9 October 2017

Braiding Sweetgrass, by Robin Wall Kimmerer

Posted by Callan Bentley

Braiding Sweetgrass is a collection of thematically-linked essays by Robin Wall Kimmerer, an environmentalist, academic, and Native American. The themes that unite them are plants, the human relationship to the natural world, and love.  I’ve read Kimmerer’s essays in Orion before, but there’s a sort of literary force multiplier when you get a whole book full of her thoughtful insights, story after story, back to back.  Braiding Sweetgrass is a work that reminds me of Annie Dillard’s or Barbara Kingsolver’s nonfiction, with the additional flavor of indigenous insight woven (or maybe “braided?”) in. The key aspect of this indigenous insight is a consciousness of the human role in a larger dynamic ecosystem – the valid and valued role that human beings can engage in if they choose to, to the benefit of both their own selves and the natural world as a whole. For instance, in a section about a basket-making lesson, Kimmerer recounts how the students had dropped scraps of ash wood (long fibers called “splints”). In describing her teacher John’s reaction, she says:

In a circle around each novice is a litter of scraps. [John says] “Stop and think what you’re holding. That ash tree was growing out there in that swamp for thirty years, putting out leaves, dropping them, putting out more. It got eaten by a deer, hit by a freeze, but it kept working year in and year out, laying down those rings of wood. A splint fallen on the ground is a whole year of that tree’s life and you’re about to step on it, bend it, grind it into the dirt? That tree honored you with its life. There’s no shame in messing up a splint; you’re just learning. But whatever you do, you owe that tree respect and should never waste it.” And so he guides us as we sort through the debris we’ve made. Short strips go into a pile for small baskets and decoration. The miscellaneous bits and shavings get tossed into a box to be dried and used for tinder. John keeps to the tradition of the Honorable Harvest: take only what you need and use everything you take.”

As with basket-making, this is excellent perspective to maintain in Life In General. But Kimmerer is a plant scientist too, and she shares fascinating research about how human harvest of black ash actually helps (rather than hurts) the trees’ population, one of those counter-intuitive revelations from ecology that remind us why we practice the scientific method instead of just assuming we know what’s going on with the world.

Kimmerer’s locations in the book are mainly centered in upstate New York, but there’s also time spent in the deep South, the Pacific Northwest, and other spots. Her career has had her travel, and she has relevant experiences accrued in each location, even if the woods and lakes of New York are her home.

The writing is eloquent and evocative. I was particularly taken with her description of Pacific salmon feeling the urge to quit the sea, head inland, and spawn:

Far out beyond the surf they felt it. Beyond the reach of any canoe, half a sea away, something stirred inside them, an ancient clock of bone and blood that said, “It’s time.” Silver-scaled body its own sort of compass needle spinning in the sea, the floating arrow turned toward home. From all directions they came, the sea a funnel of fish, narrowing their path as they gathered closer and closer, until their silver bodies lit up the water, redd-mates sent to sea, prodigal salmon returning home.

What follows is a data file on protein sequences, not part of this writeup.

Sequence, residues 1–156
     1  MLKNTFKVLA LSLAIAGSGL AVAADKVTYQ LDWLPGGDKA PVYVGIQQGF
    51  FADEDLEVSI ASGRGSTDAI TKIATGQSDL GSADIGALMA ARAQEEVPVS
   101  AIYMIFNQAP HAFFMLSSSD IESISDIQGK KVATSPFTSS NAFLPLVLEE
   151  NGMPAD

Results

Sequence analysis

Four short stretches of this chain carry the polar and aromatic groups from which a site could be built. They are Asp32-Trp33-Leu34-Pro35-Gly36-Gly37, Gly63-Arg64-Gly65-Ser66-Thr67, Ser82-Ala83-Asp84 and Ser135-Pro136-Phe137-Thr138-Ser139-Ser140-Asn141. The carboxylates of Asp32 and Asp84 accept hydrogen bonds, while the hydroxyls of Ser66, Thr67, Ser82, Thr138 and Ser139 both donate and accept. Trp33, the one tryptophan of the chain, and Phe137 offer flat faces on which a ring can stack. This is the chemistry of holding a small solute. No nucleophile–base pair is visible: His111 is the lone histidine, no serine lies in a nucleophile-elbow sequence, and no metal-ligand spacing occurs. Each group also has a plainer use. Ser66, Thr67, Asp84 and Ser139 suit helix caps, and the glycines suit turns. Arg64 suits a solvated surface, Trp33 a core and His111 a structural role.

That’s just great description, but I feel Kimmerer really hits her stride when she’s make explicit connections between the natural and human worlds. (Of course, she sees these two as the same, or they should be the same, but she also knows she’s writing for an audience of humans who have been cut off from deep connection with the natural world through their own choices or Society’s.). Here’s Kimmerer on the Umbilicaria lichen, for instance:

The first drops [of rain] splatter hard against the rigid surface of rock tripe, which instantly changes color. The mud-brown thallus becomes sprinkled with clay-gray polka dots, the tracks of raindrops, which deepen over the next minute to sage green, like a magic picture developing before your eyes. And then, as the green spreads, the thallus begins to move as if animated by muscle, stretching and flexing as the water expands the tissue. In a matter of minutes it is transformed from a dry scab to tender green skin, as smooth as the inside of your arm. … Where the umbilicus anchors the thallus to the rock, the soft skin is dimpled, with little wrinkles radiating about its center. It looks to all the world like a belly button. Some are such perfect little navels that you want to kiss them like a little baby tummy. … As the lichen gets older, it becomes asymmetrical, the bottom half as much as 30 percent longer than the upper, a legacy of lingering moisture that permitted it to keep photosynthesizing and growing after the top half was dry and still. The trough can also collect debris, the lichen equivalent of belly-button lint. … Event the tiny thalli are dimpled with navels. How fitting that this ancient being, one of the first forms of life on the planet, should be connected to the earth by an umbilicus. The marriage of alga and fungus, Umbilicaria is the child of earth, life nourished by stone.

The book’s longest essay is on the legacy of pollution in Lake Onondaga, but others focus on harvesting maple sap for syrup, the different kinds of fire, teaching students in the Great Smoky Mountains, motherhood, rescuing salamanders, and climate change. There’s plenty of diversity of topical material, but her treatment is consistent – both the natural ecosystem and people do better when we cooperate. It behooves us to learn the ways of nature, and to envision a role for our own species to play in that larger system.